Our test system
Our dedicated graphics card test system is packed with some of the fastest complementary components available to put any potential performance bottlenecks squarely on the GPU. Most of the hardware was provided by the manufacturers, but we purchased the cooler and storage ourselves.
- Intel Core i7-8700K processor ($350 on Amazon)
- EVGA CLC 240 closed-loop liquid cooler ($120 on Amazon)
- Asus Maximus X Hero motherboard ($395 on Amazon)
- 64GB HyperX Predator RGB DDR4/2933 ($420 on Amazon)
- EVGA 1200W SuperNova P2 power supply ($230 on Amazon)
- Corsair Crystal 570X RGB case, with front and top panels removed and an extra rear fan installed for improved airflow ($130 on Amazon)
- 2x 500GB Samsung 860 EVO SSDs ($78 each on Amazon)
We’re comparing the $350 Radeon RX 5700 and $400 Radeon RX 5700 XT against Nvidia’s new $399 GeForce RTX 2060 Super and $499 RTX 2070 Super Founders Edition cards, of course. We’ve also included results from the Founders Edition models of Nvidia’s original RTX 20-series lineup: The $350 RTX 2060, $600 RTX 2070, $800 RTX 2080, and $1,200 RTX 2080 Ti. Note that aside from the RTX 2060, all other non-Super Founders Edition cards come overclocked and more expensive than reference models for each respective GPU. We also tested AMD’s comparable Radeon options: the $700 Radeon VII, $500 Vega 64, and $400 Vega 56.
All prices cited are launch MSRP. You can often find these cards cheaper on the streets these days.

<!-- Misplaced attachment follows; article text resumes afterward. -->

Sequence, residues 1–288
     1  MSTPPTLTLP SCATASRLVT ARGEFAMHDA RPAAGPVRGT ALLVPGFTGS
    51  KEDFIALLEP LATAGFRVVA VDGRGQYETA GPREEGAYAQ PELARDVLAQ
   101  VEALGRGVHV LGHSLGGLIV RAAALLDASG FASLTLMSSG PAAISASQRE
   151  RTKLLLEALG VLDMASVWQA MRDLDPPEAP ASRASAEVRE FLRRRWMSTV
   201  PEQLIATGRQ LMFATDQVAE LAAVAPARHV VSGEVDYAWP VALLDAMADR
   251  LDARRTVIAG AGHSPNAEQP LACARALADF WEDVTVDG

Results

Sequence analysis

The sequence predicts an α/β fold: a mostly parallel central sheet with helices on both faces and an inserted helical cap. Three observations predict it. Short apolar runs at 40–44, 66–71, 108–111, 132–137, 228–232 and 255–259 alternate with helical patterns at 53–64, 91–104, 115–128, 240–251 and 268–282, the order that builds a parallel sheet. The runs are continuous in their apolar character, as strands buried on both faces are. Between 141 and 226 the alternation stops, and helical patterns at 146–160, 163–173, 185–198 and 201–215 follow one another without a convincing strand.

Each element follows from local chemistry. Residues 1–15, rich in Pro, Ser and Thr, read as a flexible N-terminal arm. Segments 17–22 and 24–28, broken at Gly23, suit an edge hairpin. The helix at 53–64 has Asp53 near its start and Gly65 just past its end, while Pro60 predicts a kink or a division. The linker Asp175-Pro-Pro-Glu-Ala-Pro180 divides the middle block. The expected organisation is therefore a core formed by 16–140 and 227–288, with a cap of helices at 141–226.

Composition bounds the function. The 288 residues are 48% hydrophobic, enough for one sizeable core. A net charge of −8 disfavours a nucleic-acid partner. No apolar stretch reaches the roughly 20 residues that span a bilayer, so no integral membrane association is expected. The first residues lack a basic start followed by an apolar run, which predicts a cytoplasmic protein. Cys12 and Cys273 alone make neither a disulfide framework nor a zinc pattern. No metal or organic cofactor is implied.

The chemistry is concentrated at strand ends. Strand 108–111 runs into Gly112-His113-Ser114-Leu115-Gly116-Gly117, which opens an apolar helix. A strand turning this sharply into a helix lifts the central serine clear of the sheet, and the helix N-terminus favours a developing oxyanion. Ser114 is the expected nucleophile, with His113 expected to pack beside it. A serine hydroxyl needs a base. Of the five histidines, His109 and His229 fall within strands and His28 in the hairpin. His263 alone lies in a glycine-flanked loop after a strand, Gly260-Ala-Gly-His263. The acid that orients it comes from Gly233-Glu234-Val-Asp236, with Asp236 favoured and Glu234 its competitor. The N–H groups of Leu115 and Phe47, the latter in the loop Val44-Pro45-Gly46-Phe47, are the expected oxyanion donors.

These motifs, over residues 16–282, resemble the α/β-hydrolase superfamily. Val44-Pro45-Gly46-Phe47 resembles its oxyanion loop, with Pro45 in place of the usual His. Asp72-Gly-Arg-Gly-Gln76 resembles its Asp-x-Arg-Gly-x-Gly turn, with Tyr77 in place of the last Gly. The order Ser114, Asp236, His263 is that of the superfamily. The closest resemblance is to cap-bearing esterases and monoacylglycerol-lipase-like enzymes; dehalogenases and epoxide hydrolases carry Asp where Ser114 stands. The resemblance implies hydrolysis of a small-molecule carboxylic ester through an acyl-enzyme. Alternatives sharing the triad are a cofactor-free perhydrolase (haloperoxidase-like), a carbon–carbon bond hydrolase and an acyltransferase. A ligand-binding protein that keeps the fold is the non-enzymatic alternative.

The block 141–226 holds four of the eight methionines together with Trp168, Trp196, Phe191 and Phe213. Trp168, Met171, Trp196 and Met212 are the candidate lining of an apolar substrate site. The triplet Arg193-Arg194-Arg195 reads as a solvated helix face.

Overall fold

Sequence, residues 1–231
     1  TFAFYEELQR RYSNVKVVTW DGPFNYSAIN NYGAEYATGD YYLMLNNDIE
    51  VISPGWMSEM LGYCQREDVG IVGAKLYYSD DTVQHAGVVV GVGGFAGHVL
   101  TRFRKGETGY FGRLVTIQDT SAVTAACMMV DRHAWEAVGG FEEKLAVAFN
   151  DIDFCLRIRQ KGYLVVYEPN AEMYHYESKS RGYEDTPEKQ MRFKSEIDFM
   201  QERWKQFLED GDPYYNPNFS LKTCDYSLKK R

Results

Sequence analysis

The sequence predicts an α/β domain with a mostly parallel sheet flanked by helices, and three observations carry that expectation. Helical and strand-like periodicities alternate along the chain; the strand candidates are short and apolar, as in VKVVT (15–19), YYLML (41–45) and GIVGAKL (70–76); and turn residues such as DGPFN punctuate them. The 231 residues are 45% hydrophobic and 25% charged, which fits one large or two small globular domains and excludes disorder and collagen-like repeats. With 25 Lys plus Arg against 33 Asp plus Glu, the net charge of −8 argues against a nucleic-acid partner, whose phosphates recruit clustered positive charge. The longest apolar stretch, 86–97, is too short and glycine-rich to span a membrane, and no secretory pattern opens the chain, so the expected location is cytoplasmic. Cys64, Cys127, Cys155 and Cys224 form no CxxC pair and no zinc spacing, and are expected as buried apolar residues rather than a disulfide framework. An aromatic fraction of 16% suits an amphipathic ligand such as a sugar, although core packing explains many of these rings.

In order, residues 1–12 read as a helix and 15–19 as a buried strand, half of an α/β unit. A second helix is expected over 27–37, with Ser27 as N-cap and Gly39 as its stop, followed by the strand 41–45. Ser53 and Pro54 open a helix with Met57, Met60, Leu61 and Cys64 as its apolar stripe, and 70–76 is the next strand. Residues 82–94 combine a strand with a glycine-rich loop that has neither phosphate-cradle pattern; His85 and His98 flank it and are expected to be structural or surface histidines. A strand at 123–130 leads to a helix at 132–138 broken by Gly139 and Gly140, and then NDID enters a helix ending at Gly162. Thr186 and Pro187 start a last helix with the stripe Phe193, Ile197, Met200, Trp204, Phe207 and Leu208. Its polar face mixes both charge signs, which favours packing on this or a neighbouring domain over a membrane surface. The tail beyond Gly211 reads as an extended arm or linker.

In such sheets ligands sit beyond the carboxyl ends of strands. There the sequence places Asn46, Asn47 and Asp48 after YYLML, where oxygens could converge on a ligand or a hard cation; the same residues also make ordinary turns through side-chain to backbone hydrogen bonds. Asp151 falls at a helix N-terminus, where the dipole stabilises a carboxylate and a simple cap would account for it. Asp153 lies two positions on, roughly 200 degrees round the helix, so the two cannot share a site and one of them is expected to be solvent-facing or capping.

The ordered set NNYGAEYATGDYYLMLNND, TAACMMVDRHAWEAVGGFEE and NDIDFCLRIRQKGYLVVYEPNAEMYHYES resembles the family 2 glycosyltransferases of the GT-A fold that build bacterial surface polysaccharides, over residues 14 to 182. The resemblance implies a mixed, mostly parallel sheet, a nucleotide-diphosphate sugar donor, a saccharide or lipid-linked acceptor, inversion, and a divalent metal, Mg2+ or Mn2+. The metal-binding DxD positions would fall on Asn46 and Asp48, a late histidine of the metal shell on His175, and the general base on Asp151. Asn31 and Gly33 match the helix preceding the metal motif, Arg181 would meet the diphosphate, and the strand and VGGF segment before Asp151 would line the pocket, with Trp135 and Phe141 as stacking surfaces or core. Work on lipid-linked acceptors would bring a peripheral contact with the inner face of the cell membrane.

Each game is tested using its in-game benchmark at the highest possible graphics presets, with VSync, frame rate caps, and all GPU vendor-specific technologies—like AMD TressFX, Nvidia GameWorks options, and FreeSync/G-Sync—disabled, and temporal anti-aliasing (TAA) enabled to push these high-end cards to their limits. If anything differs from that, we’ll mention it. We run each benchmark at least three times and list the average result for each test.
We’ve added a couple of new games to our testing suite (Division 2, Far Cry: New Dawn) and removed a handful of others (Rainbow Six Siege, Far Cry 5, Ashes of the Singularity: Escalation, Middle-earth: Shadow of War). We’re hoping to add Metro Exodus to the mix in future reviews but were unable to do so for this one due to severe time constraints.
Gaming performance benchmarks
Let’s start with the latest games. The Division 2 is one of the best looter-shooters ever created, and the luscious visuals generated by Ubisoft’s Snowdrop engine make it even easier to get lost in post-apocalyptic Washington D.C. The built-in benchmark cycles through four “zones” to test an array of environments, and we test with the DirectX 12 renderer enabled. It provides better performance across the board than the DX11 renderer, but requires Windows 10.
The Radeon RX 5700 trounces the original GeForce RTX 2060, while the Radeon RX 5700 XT surpasses the equally priced RTX 2060 Super and equals the original RTX 2070 in performance. The GeForce RTX 2070 Super is the fastest new card of the lot, but it costs significantly more than AMD’s Navi duo after their pre-launch price drops.
Far Cry: New Dawn
Another Ubisoft title, Far Cry: New Dawn drags Far Cry 5’s wonderful gameplay into a post-apocalyptic future of its own, though this vision is a lot more bombastic—and pink—than The Division 2’s bleak setting. The game runs on the latest version of the long-running Dunia engine, and it’s slightly more strenuous than Far Cry 5’s built-in benchmark.
The Radeon RX 5700 wallops the RTX 2060 Founders Edition for the same price, while the Radeon RX 5700 XT delivers performance on par with its competitor. (Note: There was an error transcribing the results into Excel here. The 1080p performance for the Radeon RX 5700 series were swapped around; the Radeon RX 5700 should read 94fps, and the Radeon RX XT 98fps.)
Next page: Gaming benchmarks continue